Characters: Cultural Stories Revealed through Typography


Key Sales Info

20.5 x 20.5
272 Pages

Thames and Hudson Australia
Published: Thu 1, Sep, 2011
Price (AUD) $49.95
Item Description
Tales of Type IKEA sells framed alphabets, you can buy a couch called Helvetica or shop at Cotton On’s new chain of stores called Typo. If you want to sell an apartment anywhere in the inner city, a tram roll artwork is a must-have. And then dinner party conversations turn to serif versus san srif. There is no doubt that typography has entered the cultural mainstream and become a commodity, but we shouldn’t forget the utilitarian letterforms that surround us: signage. We walk past them every day, possibly not even noticing them, but they are part of our lives and the history of whatever city we happen to live in. Typographic signs, some dating back nearly a century, some brand new, all have stories to tell. Stephen Banham has meticulously researched this exuberant collection of quirky, poignant and often funny stories about signage, typography and design Tantilising topics include... • The darker side of the QANTAS logo • The Shell sign that inspired illegal gambling and had to be removed • The theatre production inspired by the Telecom logo • A burnt fuse on a neon sign led to the discovery of over 100 musical instruments from WW2. Addressing design, architecture, advertising, cultural history and much more, rather than presenting the new, Characters offers a new way of looking at the familiar. Lavishly illustrated, it is a unique approach that powerfully shows how typography is a very rich form of cultural expression. Stephen Banham redefines the way we look at our surroundings and after reading this book you will never walk down the street the same way again.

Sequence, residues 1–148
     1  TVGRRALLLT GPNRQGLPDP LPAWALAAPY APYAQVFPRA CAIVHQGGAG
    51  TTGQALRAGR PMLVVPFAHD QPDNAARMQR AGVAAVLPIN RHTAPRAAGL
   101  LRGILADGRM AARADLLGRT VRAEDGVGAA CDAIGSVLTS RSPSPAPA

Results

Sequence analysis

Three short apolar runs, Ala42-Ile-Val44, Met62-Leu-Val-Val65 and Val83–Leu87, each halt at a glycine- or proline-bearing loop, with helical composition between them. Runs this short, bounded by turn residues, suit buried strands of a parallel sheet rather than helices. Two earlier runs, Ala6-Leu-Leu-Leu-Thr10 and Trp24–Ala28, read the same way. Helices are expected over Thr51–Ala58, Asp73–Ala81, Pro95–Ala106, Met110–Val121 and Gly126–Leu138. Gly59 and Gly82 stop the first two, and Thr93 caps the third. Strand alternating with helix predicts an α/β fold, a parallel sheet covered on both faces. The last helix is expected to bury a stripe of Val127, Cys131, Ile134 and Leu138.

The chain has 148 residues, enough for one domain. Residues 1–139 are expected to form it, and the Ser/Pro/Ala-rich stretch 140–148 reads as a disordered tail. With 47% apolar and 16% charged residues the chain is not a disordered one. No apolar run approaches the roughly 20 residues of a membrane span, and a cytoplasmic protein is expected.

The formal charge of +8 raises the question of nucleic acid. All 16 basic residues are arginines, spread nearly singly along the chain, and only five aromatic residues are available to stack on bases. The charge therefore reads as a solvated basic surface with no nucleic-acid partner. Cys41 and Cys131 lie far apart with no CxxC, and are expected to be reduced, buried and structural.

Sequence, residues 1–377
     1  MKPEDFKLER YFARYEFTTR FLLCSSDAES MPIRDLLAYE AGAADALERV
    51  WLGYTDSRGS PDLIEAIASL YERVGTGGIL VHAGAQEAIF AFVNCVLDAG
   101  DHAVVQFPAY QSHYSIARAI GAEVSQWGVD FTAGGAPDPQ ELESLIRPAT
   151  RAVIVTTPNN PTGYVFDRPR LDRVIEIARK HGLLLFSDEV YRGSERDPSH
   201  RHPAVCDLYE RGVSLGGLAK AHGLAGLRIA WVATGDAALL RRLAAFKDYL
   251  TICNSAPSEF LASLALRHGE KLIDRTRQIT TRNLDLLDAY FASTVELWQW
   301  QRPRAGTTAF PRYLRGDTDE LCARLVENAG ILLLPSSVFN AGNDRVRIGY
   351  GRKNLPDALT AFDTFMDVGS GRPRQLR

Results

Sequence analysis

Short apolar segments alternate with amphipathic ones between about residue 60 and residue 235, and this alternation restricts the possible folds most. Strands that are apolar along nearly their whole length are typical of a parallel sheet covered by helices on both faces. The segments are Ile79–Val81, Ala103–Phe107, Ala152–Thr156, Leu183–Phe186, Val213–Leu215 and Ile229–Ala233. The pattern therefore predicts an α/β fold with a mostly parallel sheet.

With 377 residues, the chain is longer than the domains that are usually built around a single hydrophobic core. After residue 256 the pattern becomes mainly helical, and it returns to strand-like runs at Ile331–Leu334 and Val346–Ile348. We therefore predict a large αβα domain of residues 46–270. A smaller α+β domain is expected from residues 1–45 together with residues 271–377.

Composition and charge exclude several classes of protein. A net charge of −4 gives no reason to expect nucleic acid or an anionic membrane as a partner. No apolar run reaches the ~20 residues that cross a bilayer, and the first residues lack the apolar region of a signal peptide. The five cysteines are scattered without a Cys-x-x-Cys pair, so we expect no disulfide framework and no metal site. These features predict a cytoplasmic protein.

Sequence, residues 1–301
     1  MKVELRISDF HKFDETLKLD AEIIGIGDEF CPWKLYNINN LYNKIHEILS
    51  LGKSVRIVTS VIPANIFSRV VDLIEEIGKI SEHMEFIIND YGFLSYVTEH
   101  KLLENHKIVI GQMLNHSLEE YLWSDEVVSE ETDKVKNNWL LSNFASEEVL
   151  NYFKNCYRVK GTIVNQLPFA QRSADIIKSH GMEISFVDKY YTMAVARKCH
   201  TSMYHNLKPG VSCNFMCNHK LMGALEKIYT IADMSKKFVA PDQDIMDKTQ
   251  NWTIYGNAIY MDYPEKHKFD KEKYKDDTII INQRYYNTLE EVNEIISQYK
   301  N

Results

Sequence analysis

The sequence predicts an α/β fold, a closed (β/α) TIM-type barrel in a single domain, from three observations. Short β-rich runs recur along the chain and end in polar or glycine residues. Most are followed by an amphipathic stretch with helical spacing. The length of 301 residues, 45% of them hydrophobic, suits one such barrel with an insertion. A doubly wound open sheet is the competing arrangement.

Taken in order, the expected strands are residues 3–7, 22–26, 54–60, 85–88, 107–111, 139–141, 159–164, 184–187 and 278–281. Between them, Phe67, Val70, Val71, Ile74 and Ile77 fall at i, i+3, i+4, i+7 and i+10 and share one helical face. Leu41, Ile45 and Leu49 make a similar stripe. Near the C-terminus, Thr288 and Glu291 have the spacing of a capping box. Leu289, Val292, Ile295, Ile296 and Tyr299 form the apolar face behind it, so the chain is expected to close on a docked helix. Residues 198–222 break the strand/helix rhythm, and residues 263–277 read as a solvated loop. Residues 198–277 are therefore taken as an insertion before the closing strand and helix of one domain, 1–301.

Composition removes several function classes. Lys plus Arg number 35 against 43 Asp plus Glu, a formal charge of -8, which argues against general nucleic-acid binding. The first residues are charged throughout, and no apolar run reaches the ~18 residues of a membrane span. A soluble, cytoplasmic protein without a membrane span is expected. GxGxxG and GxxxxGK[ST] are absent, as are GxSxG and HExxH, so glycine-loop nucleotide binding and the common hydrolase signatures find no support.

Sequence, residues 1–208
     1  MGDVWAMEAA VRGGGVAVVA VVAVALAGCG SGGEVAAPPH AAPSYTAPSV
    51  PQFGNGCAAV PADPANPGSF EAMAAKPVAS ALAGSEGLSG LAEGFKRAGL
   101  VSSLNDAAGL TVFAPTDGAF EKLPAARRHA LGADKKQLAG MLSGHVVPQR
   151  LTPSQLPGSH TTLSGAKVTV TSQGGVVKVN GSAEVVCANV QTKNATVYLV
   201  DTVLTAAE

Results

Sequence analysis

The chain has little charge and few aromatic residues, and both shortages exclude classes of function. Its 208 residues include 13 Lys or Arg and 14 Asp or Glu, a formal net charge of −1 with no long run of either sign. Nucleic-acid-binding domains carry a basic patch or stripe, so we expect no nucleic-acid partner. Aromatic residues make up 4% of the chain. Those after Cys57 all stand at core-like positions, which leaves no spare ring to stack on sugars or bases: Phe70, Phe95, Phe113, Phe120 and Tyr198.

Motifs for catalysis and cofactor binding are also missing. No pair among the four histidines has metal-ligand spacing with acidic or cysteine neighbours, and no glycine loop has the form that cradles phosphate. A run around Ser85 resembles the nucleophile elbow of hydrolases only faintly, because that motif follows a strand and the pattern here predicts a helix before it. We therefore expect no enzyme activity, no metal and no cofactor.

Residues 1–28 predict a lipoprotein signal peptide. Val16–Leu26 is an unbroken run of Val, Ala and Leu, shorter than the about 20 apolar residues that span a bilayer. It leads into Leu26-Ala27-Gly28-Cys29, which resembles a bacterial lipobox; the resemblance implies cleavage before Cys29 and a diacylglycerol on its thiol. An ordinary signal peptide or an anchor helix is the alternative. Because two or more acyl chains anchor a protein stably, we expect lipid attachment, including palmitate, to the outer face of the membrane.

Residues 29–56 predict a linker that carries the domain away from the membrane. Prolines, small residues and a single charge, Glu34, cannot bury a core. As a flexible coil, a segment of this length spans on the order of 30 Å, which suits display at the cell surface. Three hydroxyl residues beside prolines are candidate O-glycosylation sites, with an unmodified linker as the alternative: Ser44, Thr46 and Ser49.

About the Author

Called a ‘typographic evangelist’ by UK Design journal Eye, Stephen Banham’s design work has been covered in almost every type annual and design magazine. He is also the founder of Letterbox, a typographic studio based in Melbourne and has lectured in typography at RMIT since 1991. One of his most high profile campaigns in bringing typography into the public eye was the Death to Helvetica debate in the early 2000s. Since then he has run a series of forums on the social and cultural importance of letterforms as well as typographic film festivals. This book is a result of some two-and-a-half years of research into typographic storytelling.